The Associated Press attempts to figure out where the presidential candidates stand on mountaintop-removal coal mining. They talked to campaign surrogates about what the candidates think, and here’s what they got:
Mountaintop removal mining “irreversibly alters our natural treasures and poses potential threats to water sources,” and the Republican McCain believes the industry doesn’t need it to stay in business, West Virginia campaign spokesman Ben Beakes wrote in an e-mail to The Associated Press.
The Democrat’s position is less strident. Obama’s campaign expresses “serious concerns about the environmental implications” but stops short of demanding a ban on the practice condemned by environmentalists and reviled by many who live near the mine sites.
Actually, it doesn’t sound like either candidate is “demanding a ban,” though both candidates are at least acknowledging how destructive the practice is. The AP goes on to note that opposition to MTR complicates all the candidates’ promises of “clean coal” on the campaign trail this year — and pisses off their friends in the coal industry:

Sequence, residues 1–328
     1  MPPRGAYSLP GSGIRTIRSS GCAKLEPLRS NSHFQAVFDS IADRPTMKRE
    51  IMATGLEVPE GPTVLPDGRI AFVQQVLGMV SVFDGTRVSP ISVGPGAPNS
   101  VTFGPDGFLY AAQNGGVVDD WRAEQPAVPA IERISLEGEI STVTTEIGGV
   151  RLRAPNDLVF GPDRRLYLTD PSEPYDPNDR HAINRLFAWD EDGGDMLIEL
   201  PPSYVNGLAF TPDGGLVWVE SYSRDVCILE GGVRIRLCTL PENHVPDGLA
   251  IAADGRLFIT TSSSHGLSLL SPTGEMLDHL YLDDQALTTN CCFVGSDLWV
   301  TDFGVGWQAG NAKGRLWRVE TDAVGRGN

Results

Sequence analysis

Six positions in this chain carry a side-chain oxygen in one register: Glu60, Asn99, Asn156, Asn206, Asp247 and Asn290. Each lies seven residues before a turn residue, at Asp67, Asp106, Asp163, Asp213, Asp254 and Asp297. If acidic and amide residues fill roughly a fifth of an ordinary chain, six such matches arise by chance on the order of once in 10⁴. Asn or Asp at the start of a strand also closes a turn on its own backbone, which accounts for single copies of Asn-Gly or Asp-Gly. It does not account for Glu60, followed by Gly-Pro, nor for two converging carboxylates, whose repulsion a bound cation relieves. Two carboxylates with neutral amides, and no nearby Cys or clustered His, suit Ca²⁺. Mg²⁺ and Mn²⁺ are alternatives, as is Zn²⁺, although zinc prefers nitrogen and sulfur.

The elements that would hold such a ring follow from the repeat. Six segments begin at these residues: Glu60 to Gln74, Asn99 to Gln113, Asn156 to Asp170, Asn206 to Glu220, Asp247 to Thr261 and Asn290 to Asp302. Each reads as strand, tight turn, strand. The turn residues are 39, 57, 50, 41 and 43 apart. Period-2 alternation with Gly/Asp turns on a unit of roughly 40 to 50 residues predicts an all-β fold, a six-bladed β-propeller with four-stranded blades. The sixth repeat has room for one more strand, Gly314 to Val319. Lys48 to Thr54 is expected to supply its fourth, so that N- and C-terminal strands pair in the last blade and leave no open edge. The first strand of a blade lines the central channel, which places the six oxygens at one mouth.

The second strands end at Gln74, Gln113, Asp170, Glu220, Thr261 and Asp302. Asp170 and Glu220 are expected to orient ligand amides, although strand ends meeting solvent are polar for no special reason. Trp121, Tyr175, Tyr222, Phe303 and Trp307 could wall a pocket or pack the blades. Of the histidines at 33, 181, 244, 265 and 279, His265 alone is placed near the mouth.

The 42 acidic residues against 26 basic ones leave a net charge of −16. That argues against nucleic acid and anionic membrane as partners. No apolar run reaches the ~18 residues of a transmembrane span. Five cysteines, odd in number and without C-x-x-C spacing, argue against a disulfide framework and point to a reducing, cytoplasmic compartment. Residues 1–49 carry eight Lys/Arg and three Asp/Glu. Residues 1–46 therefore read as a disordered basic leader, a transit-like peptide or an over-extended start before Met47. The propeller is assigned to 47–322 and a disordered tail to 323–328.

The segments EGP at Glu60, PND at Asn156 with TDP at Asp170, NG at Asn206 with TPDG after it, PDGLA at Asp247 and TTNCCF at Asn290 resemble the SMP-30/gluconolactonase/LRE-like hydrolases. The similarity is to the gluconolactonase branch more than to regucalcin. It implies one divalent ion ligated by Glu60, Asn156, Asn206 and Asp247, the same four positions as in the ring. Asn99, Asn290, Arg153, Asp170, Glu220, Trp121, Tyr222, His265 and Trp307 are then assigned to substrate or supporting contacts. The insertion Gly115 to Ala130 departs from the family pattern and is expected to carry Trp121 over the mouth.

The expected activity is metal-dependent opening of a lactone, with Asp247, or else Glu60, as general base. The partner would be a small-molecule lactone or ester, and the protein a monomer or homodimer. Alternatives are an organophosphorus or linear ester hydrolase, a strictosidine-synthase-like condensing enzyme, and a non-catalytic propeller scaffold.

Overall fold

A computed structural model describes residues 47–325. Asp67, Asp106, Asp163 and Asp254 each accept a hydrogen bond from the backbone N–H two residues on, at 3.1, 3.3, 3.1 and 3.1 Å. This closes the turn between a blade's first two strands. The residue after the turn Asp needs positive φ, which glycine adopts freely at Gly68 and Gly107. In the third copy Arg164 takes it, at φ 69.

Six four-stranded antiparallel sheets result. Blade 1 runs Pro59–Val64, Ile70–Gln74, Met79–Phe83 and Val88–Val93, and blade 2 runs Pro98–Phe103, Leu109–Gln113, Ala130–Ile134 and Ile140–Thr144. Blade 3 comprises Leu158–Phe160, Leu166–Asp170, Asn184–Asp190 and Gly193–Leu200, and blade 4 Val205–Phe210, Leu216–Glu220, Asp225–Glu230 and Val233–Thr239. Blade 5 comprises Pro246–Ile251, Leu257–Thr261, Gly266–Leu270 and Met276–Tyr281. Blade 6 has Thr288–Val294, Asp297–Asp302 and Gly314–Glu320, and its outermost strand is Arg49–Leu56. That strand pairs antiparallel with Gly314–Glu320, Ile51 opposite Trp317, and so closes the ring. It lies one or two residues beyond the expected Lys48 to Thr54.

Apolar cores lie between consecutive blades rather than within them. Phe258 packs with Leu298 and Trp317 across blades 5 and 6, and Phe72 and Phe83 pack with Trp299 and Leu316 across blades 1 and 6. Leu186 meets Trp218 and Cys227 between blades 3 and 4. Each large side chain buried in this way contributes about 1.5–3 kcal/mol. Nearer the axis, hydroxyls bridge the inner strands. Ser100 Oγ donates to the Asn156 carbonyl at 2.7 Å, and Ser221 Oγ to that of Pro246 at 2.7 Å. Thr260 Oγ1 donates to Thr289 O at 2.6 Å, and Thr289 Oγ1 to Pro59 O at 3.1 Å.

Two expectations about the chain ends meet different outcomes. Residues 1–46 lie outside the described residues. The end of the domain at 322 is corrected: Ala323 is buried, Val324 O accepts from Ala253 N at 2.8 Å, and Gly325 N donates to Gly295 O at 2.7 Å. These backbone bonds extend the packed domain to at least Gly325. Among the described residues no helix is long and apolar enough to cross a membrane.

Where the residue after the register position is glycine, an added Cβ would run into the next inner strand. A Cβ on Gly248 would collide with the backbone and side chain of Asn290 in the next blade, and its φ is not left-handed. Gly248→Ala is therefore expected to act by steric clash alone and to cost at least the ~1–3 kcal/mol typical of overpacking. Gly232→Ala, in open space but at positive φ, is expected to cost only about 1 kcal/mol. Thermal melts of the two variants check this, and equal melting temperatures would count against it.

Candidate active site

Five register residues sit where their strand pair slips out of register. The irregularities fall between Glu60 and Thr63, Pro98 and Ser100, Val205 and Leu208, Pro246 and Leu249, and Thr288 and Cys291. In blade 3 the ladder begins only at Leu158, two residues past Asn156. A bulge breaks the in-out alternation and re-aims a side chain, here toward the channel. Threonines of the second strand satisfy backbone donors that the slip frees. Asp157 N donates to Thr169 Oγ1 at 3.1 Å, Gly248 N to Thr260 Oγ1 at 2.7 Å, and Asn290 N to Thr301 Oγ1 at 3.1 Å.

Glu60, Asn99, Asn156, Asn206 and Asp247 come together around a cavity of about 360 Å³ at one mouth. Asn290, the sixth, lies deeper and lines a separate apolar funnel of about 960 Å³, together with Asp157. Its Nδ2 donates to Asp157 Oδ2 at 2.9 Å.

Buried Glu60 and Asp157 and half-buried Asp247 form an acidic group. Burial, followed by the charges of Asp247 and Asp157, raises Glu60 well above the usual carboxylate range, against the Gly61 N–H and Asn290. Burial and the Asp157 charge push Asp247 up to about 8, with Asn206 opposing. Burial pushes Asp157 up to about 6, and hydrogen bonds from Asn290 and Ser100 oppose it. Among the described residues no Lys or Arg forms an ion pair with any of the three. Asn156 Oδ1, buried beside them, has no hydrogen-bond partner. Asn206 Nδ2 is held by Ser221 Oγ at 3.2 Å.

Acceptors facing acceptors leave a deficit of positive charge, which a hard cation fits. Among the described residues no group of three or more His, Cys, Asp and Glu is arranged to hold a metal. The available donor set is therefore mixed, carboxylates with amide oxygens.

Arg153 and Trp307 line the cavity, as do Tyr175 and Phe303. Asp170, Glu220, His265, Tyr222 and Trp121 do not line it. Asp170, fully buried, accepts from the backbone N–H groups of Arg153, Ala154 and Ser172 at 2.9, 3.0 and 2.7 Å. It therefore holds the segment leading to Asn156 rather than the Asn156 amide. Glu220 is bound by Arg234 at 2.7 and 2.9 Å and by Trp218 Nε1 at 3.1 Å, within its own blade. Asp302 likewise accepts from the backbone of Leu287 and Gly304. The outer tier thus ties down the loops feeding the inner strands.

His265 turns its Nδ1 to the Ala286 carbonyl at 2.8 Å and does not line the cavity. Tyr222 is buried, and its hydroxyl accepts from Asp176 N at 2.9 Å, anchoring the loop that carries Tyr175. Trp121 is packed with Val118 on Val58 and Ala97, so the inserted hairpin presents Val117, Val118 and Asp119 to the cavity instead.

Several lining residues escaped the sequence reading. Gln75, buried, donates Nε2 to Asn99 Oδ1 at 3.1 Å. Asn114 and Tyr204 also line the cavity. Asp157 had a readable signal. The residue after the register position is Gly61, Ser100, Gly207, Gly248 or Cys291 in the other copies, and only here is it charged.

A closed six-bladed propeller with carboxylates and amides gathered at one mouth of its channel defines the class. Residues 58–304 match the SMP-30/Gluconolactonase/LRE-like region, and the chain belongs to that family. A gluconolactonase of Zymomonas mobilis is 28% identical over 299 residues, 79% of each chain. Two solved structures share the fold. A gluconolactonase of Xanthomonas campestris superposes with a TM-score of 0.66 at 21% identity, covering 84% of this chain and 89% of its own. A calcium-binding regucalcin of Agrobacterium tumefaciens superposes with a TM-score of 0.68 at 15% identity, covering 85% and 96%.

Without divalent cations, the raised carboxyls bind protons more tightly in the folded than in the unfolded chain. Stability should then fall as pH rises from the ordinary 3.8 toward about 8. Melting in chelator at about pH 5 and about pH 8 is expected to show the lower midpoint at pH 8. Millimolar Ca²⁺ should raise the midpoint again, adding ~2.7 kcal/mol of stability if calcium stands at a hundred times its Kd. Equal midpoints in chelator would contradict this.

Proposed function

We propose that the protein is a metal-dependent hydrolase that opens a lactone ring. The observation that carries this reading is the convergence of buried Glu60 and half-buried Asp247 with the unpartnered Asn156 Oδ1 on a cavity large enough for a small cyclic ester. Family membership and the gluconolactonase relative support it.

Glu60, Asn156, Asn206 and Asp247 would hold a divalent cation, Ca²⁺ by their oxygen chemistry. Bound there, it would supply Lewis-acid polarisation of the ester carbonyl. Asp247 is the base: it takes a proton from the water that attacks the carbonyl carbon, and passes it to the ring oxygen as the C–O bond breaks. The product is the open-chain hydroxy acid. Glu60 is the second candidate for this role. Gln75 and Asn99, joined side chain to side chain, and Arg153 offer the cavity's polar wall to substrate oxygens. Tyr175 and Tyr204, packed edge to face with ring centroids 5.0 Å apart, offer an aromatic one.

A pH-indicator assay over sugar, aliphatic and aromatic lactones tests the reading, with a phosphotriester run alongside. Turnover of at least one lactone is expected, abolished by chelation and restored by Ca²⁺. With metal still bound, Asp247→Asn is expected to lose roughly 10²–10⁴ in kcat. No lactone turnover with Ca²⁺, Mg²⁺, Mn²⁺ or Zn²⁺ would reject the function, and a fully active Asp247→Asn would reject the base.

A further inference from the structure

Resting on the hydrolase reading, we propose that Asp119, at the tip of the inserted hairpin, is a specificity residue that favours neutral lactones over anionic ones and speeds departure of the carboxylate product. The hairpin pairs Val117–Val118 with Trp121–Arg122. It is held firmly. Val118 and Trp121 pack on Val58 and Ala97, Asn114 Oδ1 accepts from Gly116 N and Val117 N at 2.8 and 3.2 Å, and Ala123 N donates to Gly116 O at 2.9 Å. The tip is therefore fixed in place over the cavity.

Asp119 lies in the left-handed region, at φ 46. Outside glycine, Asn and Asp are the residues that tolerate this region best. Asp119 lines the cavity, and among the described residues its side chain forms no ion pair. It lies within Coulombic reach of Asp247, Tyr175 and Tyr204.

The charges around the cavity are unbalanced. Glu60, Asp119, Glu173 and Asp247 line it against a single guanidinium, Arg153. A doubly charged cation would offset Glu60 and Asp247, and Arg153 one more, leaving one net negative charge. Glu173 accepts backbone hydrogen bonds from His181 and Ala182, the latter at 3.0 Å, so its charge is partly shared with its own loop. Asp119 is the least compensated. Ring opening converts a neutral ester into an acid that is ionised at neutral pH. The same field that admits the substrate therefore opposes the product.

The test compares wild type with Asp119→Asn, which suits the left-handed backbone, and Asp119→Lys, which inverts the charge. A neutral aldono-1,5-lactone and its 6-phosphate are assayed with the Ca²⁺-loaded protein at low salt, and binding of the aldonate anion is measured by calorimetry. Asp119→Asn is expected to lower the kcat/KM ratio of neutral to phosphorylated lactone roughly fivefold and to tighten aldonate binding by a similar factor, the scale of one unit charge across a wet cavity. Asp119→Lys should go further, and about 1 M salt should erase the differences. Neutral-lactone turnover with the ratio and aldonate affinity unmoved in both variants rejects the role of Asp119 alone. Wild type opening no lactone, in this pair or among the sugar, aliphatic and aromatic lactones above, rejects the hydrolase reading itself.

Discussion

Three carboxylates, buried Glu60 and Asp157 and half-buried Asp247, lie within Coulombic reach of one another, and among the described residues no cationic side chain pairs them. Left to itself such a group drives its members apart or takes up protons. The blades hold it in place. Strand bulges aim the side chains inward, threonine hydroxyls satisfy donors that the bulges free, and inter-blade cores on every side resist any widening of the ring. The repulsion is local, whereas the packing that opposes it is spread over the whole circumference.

The anti-mountaintop stance of both candidates comes as a surprise to the industry, given that McCain and Obama have talked extensively about spending billions of dollars on so-called clean-coal technology.
So to dismiss mountaintop removal mining without even seeing it is shortsighted, says West Virginia Coal Association President Bill Raney.
“Let’s go take a look and really see what’s going on here as opposed to making what seems to be a very shallow and politically convenient statement,” said Raney.
The AP article arguably portrays a clarity that isn’t actually there in either campaign. Both candidates — especially McCain — have offered all kinds of fuzzy ideas and a grab bag of campaign promises on MTR. No one truly knows what either them would do about it in office.